All dogs, both male and female, spayed/neutered or intact, may engage in marking behavior. Most people tend to think of marking as a strictly male behavior (a dog lifting it's leg), but that isn't the case. Any dog may mark; urinating to leave a scent mark is part of normal dog communication. The triggers for marking are most often new or novel smells, another dog's urine, etc. Often upright objects like posts, poles, trees, etc. are favorite places to mark. Some dogs are triggered to mark by being in a new place; I've had several clients report their dogs marking in the new homes they've moved into. Others are triggered by the presence of new objects. For example, years ago I had a client who was so excited to get all new living room furniture only to discover her male dog was marking the new stuff! She was so surprised (and dismayed!) by this as he'd never marked her old furniture. I've been in homes where the dogs mark stereo speakers, pole lamps, and coat racks! Usually, if you move to a new place or add new furniture to your home, you can simply supervise your dog's access to these areas until they get comfortable with them and no longer feel the need to mark. You can do this by spending time with your dog in each new space (or near the new objects), feeding them there, etc. When you can't watch them, return them to a space they won't mark such as their crate, pen, or confined to your kitchen. As your dog's comfort level increases, you can expand where they can go when unsupervised, but never leave them alone in an area where they've previously marked until you are certain they are past the behavior. I say this because many dogs mark because they are anxious. They are experiencing stress and are responding to the influx in hormones by marking, thus creating spaces they can comfortably claim as their own. So, while a normal intact male dog might be triggered to mark by the presence of an intact female dog on his home turf (a common problem in dog breeders' homes), anxious male dogs may be triggered to mark by other external factors.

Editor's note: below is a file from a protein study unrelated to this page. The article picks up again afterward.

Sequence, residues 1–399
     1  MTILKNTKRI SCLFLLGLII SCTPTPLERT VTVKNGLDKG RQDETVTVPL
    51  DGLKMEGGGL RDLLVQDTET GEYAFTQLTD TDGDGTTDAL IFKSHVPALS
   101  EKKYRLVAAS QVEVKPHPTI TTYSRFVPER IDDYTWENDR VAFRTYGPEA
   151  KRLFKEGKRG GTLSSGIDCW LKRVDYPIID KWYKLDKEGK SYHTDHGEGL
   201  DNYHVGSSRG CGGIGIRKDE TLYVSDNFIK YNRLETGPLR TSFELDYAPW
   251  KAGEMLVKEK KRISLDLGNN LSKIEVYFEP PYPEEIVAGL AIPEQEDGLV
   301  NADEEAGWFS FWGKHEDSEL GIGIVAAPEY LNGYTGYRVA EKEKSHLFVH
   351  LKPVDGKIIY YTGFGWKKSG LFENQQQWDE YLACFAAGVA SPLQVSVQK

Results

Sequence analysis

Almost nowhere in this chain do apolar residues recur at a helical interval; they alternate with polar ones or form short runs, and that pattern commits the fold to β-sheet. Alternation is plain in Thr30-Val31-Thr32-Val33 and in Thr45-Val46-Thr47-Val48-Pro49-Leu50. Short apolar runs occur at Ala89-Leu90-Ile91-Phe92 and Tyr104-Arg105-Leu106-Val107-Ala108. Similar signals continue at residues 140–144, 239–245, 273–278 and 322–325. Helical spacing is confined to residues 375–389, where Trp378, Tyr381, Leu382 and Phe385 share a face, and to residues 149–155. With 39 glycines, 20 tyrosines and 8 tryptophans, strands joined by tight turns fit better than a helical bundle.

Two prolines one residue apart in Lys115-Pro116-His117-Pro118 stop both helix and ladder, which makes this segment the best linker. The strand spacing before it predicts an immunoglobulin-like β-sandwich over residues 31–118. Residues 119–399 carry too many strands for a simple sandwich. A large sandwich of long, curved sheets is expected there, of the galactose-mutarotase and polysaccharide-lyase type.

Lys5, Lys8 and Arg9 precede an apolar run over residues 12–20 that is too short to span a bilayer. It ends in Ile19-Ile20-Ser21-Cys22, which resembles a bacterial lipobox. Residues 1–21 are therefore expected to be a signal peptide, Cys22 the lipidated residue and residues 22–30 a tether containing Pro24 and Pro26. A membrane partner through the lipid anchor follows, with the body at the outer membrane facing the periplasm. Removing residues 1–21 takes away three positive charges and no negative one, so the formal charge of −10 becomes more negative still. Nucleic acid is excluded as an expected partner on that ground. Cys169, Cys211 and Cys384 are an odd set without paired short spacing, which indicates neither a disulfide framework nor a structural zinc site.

Dog owners are frequently told to "just neuter your dog and the problem will be solved," but that's often not the case. While neutering reduces marking in approximately 80% of male dogs, it only eliminates the problem in about 40% of the cases. As mentioned previously, marking occurs in neutered dogs too, as well as female dogs. Again, marking isn't just about hormonal arousal, it's also about anxiety.
Let's get back to my client's dog. This young dog is living in a very busy household. I believe he is experiencing some anxiety, which truly isn't uncommon in adolescent dogs. He gets plenty of exercise and has a lot of social opportunities. While my client hasn't added anything new to her home in terms of furniture or upright items, she does live in a huge home. While her dog is house-trained in the conventional sense (he knows to go outdoors to eliminate), he isn't trustworthy to have free-rein of the whole house unsupervised. I've asked her to go back to restricting him to the downstairs area of her home where the family spends most of their time and where he has never marked. Outdoors, he should be supervised as well so that he can be redirected away from marking the patio furniture or her car tires. She lives near an open space, so it's quite likely that free-roaming animals like skunks, opossums, deer, foxes, squirrels, etc. are moving through the yard and he is marking in response to that. Nonetheless, if she doesn't want to supervise his outside time, she will have to learn to accept him marking outdoor objects. If she continues scrubbing them with soap and water, he will just feel compelled to go back and freshen his marks if he smells other animals in the area again. It's fine for her to interrupt the behavior if she sees him sniffing around the furniture or her car; she can call him away or redirect him to another activity (e.g. go get your ball!).